The mid-70s is American pop culture’s mannerist moment, which announced that the cultural memory was essentially full and must now content itself with refashionings of the vast excess of three-decades of movies, music, books, drugs, sex, magic bus trips and all the rest. Aday, as Meatloaf, was the perfect vehicle for that — a fat Elvis avatar in a frilled white shirt, raging across the stage in front of a 15-piece band, regularly requiring oxygen at the end of each performance.

That shirt! Meatloaf looks like a singing fudge sundae, anticipates Devo and Talking Heads and Mark Kostabi and much more. But from within the last of modernism, the fast fading hope that things might be glorious and more than you could possibly imagine, and that the shopping mall might be the enchanted Earth, and that the gates of Valhalla might open (and to clarify by that I mean sex).

What was it like to have this hit you in Australia? Absolutely extraordinary, better than being American, I suspect. There were no malls. Colour TV was two years old. California was a distant rumour from the movies, which played in single-screen cinemas. McDonald’s was the succulent, deliquescent food of the gods, available from a dozen outlets, embassies of excess. 7-Elevens looked like they had come down from space. America was absolutely hyperreal, so close yet impossibly distant.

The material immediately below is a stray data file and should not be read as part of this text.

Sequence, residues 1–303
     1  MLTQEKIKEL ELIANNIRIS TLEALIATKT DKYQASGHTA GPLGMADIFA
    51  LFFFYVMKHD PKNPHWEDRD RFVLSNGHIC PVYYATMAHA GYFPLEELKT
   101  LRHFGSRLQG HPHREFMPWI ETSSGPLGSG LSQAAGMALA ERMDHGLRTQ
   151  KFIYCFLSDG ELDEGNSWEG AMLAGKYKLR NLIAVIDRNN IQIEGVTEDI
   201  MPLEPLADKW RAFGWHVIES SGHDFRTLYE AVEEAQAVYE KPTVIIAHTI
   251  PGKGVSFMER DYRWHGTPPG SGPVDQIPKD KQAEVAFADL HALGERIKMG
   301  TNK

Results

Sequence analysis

The Americans have colonised our subconscious, Wim Wenders remarked from Germany, but he didn’t know the half of it. To have no culture of your own, and one like it essentially occupying all the interstitial spaces of yours, is to have access to a fantasy that no one else — least of all Americans, stuck in the shitty real of actual America — could actually experience.

No wonder Australia invented the tribute band, our gift to the world. We were the first to enact the idea that the replica was superior to the real. No coincidence that the creator of Rocky Horror was an antipodean. The best thing the Rolling Stones and everyone else did for us was to not come here for decades at a time. We were the anthropologists of a culture that consumed us, participant-observers of our own lives.

That space has now closed and the pleasures of popular culture are different, but I have absolutely no idea what they are — Taylor Swift worship aside. (As Paul Schrader, another ’70s standby, recently remarked: “Taylor Swift is the closest thing we have to the godhead in this country. We only live by her good graces. She is the essence of the life force … If Taylor were to leave us, everything would fall apart.” And I know he was not joking.)

Indeed, you can hear Steinman’s work in Taylor’s best stuff, the perfect split-difference of pop angst and parody, songs and videos. You may as well surrender to such popular culture, because future generations won’t be able to tell the difference.

The Blank Space video will be seen as one with the Douglas Sirk movies it perfectly imitates, and Bat Out of Hell will join the ranks of the Meistersingers.

Or maybe not. Who knows? Who cares? Steinman wrote another several dozen great songs, full of irony and wit and extraordinary craft, a few of them ruined by the context they were performed in. Total Eclipse of the Heart! Bonnie Tyler! Those schoolboys! With the glowing eyes! Whut? (The ’80s is a whole other story.)

But heaven couldn’t wait for Jim Steinman any longer. And look, if you think all of this is a bit over the top, then you need to listen to the goddam album again.

Borne up to your vinyl Valhalla, rest in power pop Jim.